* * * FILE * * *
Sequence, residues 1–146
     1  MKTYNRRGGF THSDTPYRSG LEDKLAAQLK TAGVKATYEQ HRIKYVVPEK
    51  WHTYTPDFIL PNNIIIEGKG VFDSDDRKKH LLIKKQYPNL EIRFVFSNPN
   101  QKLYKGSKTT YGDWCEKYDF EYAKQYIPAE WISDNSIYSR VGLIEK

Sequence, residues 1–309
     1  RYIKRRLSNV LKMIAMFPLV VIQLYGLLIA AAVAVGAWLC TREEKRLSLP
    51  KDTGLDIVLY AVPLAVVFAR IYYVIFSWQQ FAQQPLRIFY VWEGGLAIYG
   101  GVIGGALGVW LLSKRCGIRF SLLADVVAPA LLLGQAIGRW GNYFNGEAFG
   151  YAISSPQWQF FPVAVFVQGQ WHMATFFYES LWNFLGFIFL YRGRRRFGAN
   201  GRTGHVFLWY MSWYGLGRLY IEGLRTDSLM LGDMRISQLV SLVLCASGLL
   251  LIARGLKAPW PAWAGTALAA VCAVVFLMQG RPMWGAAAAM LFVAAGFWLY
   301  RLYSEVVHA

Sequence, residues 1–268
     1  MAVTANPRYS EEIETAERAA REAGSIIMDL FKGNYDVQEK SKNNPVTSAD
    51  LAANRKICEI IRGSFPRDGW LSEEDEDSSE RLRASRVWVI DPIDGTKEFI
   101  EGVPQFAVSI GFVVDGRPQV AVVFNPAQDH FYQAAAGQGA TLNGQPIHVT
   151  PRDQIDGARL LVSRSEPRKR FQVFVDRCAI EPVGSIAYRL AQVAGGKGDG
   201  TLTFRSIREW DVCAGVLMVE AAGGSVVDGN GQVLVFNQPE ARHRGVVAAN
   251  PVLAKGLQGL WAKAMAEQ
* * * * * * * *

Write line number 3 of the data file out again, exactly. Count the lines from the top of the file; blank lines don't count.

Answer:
    51  WHTYTPDFIL PNNIIIEGKG VFDSDDRKKH LLIKKQYPNL EIRFVFSNPN